The John Terry racial abuse case was a waste of the Westminster Magistrates' Court's time, but it was also revealing all the same.
Terry, the former England football captain, was charged with racially abusing Anton Ferdinand when Chelsea played Queens Park Rangers in a Premier League match in October.
The Chelsea star used a descriptive three-word phrase when addressing Ferdinand, whose mother is Irish and father is from St Lucia in the Caribbean. Even though Terry's first and third words would, in many sections of society, be deemed offensive, they were not the problem.
It was the fact that he split them with the word "black" that was the issue. That evidently made him a racist and required five days of the court's time.
Eventually Terry was cleared of the charge.
Surely the English Football Association should have dealt with the matter.
After all, the FA last year imposed an eight-match ban on Liverpool's Luis Suarez for abusing Manchester United's Patrice Evra.
It's always tricky once events on the sports field are reviewed in court.
For one thing, context is missing. Comments that might be normal during a sports contest seem far worse when repeated in court months later by men wearing suits.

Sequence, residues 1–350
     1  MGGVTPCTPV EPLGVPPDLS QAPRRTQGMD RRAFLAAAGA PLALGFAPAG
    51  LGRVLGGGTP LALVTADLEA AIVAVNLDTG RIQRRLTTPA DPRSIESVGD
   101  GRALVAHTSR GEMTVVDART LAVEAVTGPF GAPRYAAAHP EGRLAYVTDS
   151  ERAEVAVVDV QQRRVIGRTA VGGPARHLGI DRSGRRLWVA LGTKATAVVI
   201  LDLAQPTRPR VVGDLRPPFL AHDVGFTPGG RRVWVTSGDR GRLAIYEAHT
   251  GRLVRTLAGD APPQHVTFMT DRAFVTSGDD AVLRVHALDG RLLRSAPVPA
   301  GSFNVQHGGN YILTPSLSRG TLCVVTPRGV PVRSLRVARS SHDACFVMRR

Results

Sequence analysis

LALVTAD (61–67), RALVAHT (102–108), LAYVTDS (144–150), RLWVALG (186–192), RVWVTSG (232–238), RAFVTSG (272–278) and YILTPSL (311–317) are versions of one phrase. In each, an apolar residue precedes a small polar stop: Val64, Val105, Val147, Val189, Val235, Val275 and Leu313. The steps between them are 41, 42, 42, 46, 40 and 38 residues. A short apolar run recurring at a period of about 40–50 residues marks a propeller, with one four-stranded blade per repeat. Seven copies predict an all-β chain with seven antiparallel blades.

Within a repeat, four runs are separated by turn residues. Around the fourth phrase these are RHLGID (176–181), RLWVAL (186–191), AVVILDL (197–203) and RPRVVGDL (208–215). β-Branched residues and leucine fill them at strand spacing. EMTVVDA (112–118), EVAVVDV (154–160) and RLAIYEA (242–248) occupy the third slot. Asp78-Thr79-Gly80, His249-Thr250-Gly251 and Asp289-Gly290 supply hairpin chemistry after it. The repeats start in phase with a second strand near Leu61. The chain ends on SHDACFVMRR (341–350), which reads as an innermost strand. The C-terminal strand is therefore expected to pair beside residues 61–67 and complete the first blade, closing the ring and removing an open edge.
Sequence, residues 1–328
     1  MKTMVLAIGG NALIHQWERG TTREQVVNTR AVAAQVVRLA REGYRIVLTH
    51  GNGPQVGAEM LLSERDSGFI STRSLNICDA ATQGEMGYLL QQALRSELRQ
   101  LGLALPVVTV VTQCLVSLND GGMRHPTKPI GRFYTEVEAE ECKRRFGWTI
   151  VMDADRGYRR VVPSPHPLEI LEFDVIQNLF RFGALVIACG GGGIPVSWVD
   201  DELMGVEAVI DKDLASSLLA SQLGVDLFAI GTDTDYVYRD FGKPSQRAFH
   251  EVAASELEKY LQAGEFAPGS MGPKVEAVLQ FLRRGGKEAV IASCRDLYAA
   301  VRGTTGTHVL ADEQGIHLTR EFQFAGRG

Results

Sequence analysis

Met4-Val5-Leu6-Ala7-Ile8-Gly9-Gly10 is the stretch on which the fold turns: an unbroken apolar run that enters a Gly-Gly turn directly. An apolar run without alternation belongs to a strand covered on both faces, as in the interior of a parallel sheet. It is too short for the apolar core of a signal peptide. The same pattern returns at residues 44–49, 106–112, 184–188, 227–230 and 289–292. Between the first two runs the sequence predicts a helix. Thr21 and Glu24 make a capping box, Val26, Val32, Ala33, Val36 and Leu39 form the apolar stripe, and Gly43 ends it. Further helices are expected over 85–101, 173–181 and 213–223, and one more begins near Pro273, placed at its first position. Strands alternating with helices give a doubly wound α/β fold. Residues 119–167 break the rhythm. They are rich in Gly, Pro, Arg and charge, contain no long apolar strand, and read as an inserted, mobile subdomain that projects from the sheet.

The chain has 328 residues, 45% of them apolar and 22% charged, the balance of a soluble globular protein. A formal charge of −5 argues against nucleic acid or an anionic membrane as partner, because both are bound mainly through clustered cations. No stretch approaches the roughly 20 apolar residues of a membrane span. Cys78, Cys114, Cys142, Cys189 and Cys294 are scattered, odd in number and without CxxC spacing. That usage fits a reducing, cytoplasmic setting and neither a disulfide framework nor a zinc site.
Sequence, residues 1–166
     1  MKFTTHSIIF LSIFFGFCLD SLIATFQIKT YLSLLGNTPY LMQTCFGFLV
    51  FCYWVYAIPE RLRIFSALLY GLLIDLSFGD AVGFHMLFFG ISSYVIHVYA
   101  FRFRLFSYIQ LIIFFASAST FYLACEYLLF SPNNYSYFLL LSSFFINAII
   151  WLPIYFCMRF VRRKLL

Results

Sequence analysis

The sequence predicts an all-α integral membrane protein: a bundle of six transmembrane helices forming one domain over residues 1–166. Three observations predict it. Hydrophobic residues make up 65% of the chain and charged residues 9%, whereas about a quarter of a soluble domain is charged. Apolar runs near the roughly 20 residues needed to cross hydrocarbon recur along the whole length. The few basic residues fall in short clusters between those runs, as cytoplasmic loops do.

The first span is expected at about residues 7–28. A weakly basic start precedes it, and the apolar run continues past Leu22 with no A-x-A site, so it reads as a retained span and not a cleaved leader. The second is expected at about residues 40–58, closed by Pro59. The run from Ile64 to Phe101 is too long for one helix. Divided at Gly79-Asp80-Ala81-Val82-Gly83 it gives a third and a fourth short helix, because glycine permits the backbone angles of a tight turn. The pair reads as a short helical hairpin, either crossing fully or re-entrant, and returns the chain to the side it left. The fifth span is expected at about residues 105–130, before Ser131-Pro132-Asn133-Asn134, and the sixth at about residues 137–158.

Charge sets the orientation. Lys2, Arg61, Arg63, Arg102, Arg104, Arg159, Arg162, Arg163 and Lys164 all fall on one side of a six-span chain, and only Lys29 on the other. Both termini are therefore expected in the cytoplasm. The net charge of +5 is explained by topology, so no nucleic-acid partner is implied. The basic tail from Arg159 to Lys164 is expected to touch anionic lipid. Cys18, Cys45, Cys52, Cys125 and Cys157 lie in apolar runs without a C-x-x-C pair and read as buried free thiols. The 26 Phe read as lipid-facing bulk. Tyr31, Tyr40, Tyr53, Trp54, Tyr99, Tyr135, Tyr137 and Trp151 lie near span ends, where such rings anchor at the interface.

Unless the actions are so appalling that they demand civil action, they should always be dealt with by the relevant sport's authorities.
The problem is that football administrators have been woefully inept for decades.
According to testimony in the Terry case, an incredible range of abuse is delivered by players at opponents during football matches.
Anything is fair game: Poor form, the size of a player's pay packet, comments about various parts of an opponent's anatomy, his bad breath (!), problems with nerves, rumours his team-mates and coach don't like him ... these all get a good airing.
And the comments are delivered in the most spiteful, abuse-filled, hurtful manner possible.
Apparently, under a bizarre code of ethics, players don't comment on opponent's wives or girlfriends, although there are lapses.
It shows how juvenile and gormless many footballers are. Whatever happened to beating an opponent with skill?
But then football has long been the lowest common denominator in terms of sport.
Why are football stars allowed to behave in a way we would not tolerate of our seven-year-olds in a Saturday morning junior football match?
The way top players can surround a referee, abuse him and point their fingers at him is not tolerated in rugby or league, let alone tennis or netball.
Football authorities haven't done enough to rein in players' behaviour.
It is permitted, which means it must be acceptable.
That's why every high-profile match is bedevilled by cheating - players wrongly claiming they have been fouled, or that it is their throw-in when they know full well it isn't.
I don't say top footballers are any more stupid or dishonest than many other top sports stars, but they have been allowed to get away with a lot more because of appallingly weak administration.
It's only when something that has occurred on the football pitch is dealt with in an entirely different forum that we realise just how bad things have got.
Will football authorities be prodded into action after the John Terry case? Somehow, I doubt it.
* Joseph Romanos is a Wellington sports writer and broadcaster
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